A film that needs to be seen to be believed
BARB AND STAR GO TO VISTA DEL MAR (2021)
Given the critical and commercial success of Bridesmaids, you imagine there’s a certain sense of pressure on co-writers/co-stars Kristen Wiig and Annie Mumolo to re-capture the comedic magic that projected that film forward as much as it did; hell, it even netted them an Oscar nomination for Best Original Screenplay! But with Barb & Star Go To Vista Del Mar it’s obvious that the duo haven’t placed much emphasis on such a recreation, instead marching to the beat of their own off-kilter drum. Lovingly created in a manner similar to the dynamic of Bill & Ted, Barb & Star are wholly realised characters that may have the sense of caricature, but are so intricately embodied that their personalities somehow ground the absolutely absurd comedy that unspools around them.
Josh Greenbaum, who primarily has experience directing TV and comedically-slanted documentaries, feels all too aware of how to embrace the manic mentality that Wiig and Mumolo have created with this film. It may seem like it’s all incredibly random, unstructured, and, quite frankly, ridiculous - and the plot very much is - but he never lets the material or the performers overshadow the other. Comedies, especially ones such as this, have the tendency to linger longer than they need to, with the sense that the director wasn’t willing to rein in the performers when their shtick overstays its welcome often adhered to. Here, the lunacy is deliberate and the trust Greenbaum has in the capabilities of his cast is evident.
As much control Greenbaum has on his cast and the material, there’s no denying that the narrative on hand is ridiculous. The story here is really more of an excuse for the players to let loose with their jokes and to lean into the lunacy of the genre. Barb (Mumolo) and Star (Wiig) are the best of friends and seem all too content with their glib lives - sitting on the display couch in the department store they work in is a highlight for them, to give an example of their mentality - so the idea of them going on holiday naturally already brings a plethora of comedic possibilities to the table. The fact that said table eventuates to musical numbers, a mass murder plot, and a love triangle involving a chiseled henchman (Jamie Dornan) only reiterates the absurdity, but further showcases just how controlled a film it really is given the stupidity of it all.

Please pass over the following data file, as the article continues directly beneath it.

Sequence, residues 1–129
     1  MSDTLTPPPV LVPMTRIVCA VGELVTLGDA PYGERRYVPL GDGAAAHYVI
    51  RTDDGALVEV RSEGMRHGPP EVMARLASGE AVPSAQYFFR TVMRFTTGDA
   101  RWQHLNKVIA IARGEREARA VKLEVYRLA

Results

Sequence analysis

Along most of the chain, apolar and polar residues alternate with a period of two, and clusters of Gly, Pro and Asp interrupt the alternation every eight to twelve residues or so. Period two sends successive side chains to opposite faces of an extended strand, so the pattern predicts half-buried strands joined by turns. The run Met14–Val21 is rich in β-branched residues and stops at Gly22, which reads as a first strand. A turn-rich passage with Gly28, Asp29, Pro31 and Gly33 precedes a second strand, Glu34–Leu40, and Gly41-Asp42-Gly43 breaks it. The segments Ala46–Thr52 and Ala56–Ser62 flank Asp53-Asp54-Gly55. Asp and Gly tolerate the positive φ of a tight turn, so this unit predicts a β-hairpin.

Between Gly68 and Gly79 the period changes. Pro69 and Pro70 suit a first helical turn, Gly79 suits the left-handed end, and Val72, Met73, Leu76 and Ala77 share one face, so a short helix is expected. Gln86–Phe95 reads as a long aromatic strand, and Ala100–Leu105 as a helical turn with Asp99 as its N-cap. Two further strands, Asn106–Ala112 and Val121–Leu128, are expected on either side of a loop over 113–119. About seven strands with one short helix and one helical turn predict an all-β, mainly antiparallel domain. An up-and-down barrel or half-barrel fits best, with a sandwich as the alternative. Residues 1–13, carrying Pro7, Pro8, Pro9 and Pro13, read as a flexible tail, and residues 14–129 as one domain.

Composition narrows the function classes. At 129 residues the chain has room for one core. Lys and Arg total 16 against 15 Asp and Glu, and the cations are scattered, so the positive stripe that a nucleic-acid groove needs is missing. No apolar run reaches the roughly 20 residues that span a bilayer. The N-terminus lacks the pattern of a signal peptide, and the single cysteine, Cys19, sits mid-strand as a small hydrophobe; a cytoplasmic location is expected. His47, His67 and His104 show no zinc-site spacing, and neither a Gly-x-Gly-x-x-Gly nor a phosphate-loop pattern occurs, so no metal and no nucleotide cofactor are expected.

ACTING | CHARACTERS | DIALOGUE:
As much as this is guided by Wiig and Mumolo, both actresses clearly having an absolute ball of a time living inside these creations, the supporting cast assembled here really do some incredible comedic work, with the unlikely Jamie Dornan emerging as Barb & Star’s secret weapon. There’s an energy to his performance and a wonderful subversion of expected vanity that he plays with to the most fascinating degree; he arguably gets the film’s most divine musical moment involving a seagull that is worth the price of admission alone. Wiig pulls double duty as the crazed albino mastermind behind the aforementioned murder plot - it’s nowhere near as sinister as it sounds - and there’s some wonderfully obscure moments between Vanessa Bayer and Phyllis Smith as “book club” type acquaintances who, respectively, have a penchant for confiscating food and talking about horses, further fuelling the bizarre fire that is this film.
VISUAL EFFECTS | MAKEUP | DESIGN:
Whilst a lot of Barb & Star’s aesthetic personality is down to a good wig and a flashy pair of culottes, there’s a joyous look to the film as a whole. If it isn’t the 1980’s colour pallet or Wiig’s Austin Powers-approved villain, a talking crab (which may or may not be voiced by a familiar name) is enough to give the film the extra star it deserves.
MUSIC | SCORE | SOUND DESIGN:
Next to the aforementioned Jamie Dornan musical number, we’re treated to several other wild sequences that suggest this film could have very easily sustained a complete musical mentality.
I’ll admit that when Barb & Star started I was taken aback by the farcicality of it all, but once I settled in to the lunacy, I was completely swept away with Wiig and Mumolo’s well intentioned, Mel Brooks-meets-Bill-&-Ted-by-way-of-SNL temperament that they committed to. A film that honestly needs to be seen to be believed, this is less accessible than Bridesmaids, but it’s likely to have as long a shelf life thanks to an absurdity that essentially lends the film a live-action cartoon feel.